Date
30 May 2017
Schoolchildren pass through Futian port. Last year, students from both sides of the border made more than 40,000 crossings a day. Photo: Xinhua
Schoolchildren pass through Futian port. Last year, students from both sides of the border made more than 40,000 crossings a day. Photo: Xinhua

How Hong Kong and Shenzhen can build top-notch ports of entry

In 2015, mainlanders visited Hong Kong 239 million times through various ports of entry in Shenzhen while students crossed the border 40,900 times a day. 

Increased cross-border traffic is raising demands for a faster and more convenient entry procedure so that it takes no more than an hour to handle travelers and cargo — and the entire process is a pleasant experience.

That means Hong Kong and Shenzhen should build full-service ports of entry for people and goods.

Already, Shenzhen is planning to make Shenzhen Bay and Liantang port its main cargo hubs, leaving Huanggang port for tourists.

The arrangements, however, should be based on actual demand.

There should be room for resident traffic in the cargo ports and for cargo traffic in the tourist entry port.

At the same time, Shenzhen should upgrade the ports of entry in Futian and Shenzhen Bay as it expands its metro network.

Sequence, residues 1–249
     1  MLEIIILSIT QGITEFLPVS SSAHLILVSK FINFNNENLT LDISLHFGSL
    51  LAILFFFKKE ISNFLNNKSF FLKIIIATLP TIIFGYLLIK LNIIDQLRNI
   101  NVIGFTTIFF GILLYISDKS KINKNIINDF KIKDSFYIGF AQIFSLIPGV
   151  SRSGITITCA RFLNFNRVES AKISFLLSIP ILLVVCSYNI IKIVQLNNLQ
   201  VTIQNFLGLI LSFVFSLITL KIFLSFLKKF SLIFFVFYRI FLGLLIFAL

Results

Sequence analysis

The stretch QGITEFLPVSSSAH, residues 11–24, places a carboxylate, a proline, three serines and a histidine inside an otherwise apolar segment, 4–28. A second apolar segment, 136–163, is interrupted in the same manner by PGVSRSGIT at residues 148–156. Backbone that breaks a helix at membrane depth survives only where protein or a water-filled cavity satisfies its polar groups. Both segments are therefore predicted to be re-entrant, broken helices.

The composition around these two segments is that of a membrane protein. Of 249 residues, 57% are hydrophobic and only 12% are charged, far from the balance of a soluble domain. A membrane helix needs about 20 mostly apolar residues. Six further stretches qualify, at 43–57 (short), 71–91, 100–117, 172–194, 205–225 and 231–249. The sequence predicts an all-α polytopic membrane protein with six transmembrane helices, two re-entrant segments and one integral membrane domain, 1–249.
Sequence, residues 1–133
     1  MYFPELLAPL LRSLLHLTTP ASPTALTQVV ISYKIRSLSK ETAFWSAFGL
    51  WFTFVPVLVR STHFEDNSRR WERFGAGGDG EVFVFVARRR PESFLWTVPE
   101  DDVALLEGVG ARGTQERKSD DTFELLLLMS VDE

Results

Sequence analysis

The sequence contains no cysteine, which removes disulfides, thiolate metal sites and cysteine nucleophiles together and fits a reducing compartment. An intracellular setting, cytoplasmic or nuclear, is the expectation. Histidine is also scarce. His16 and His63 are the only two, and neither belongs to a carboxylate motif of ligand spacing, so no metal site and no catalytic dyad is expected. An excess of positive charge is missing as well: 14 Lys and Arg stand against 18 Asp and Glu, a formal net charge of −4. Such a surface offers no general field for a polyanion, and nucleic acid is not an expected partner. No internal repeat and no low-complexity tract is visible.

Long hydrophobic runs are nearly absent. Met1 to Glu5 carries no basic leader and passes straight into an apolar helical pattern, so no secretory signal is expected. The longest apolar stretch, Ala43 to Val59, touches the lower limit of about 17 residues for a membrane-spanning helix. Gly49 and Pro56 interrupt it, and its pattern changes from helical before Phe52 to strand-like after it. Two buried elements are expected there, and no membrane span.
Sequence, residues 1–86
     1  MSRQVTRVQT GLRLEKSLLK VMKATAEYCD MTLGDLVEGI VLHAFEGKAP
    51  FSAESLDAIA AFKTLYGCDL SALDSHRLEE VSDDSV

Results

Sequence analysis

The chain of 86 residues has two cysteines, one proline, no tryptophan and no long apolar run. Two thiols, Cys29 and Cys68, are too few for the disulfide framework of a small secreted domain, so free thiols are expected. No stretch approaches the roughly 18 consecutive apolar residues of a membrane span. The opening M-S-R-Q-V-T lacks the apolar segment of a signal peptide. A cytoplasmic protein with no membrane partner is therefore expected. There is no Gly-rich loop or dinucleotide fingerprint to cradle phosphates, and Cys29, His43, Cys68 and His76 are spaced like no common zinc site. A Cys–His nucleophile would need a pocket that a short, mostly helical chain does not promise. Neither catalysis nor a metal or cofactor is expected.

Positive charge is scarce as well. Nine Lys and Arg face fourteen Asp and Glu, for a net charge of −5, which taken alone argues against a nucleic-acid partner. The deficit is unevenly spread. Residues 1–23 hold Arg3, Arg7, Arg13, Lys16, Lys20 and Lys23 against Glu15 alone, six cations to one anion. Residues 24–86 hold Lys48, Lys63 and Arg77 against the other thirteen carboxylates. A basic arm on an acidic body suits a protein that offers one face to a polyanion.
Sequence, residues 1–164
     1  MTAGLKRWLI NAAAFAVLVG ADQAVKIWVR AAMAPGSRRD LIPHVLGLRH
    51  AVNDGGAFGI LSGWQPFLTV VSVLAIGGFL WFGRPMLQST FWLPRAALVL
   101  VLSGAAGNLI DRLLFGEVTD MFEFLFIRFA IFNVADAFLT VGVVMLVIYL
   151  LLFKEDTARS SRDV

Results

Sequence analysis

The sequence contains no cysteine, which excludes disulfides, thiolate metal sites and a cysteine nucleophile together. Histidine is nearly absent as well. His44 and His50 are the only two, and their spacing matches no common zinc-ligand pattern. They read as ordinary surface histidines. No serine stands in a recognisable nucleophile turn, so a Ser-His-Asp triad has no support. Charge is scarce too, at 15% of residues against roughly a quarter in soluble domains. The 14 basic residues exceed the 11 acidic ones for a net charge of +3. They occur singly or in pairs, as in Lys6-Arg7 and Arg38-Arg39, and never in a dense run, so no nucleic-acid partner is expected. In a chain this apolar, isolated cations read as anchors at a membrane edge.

Presently, vehicular traffic there is messy with frequent jams, increasing the time and cost of travel.

Hong Kong and Shenzhen should jointly redevelop Chung Ying Street on their doorstep.

It has been rarely used since the mainland allowed individual visitors to Hong Kong.

In recent years, Chung Ying Street has been overrun with parallel traders, posing a headache to authorities on both sides.

Instead of leaving it in that state, authorities could turn it into a border shopping center.

It has the potential to be become a retail hub similar to the one in the Qianhai. That will help relieve congestion in the New Territories.

Also, a bonded zone could be established in Chung Ying Street to develop cross-border e-commerce, a burgeoning industry in Shenzhen.

These initiatives will benefit both sides.

Improved entry services will promote economic, social and cultural exchanges and expand Hong Kong’s access to more mainland cities via Shenzhen, allowing it to reach a bigger consumer market.

This article appeared in the Hong Kong Economic Journal on Jan. 25.

Translation by Myssie You

[Chinese version 中文版]

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MY/DY/RA

chief research officer of the One Country Two Systems Institute

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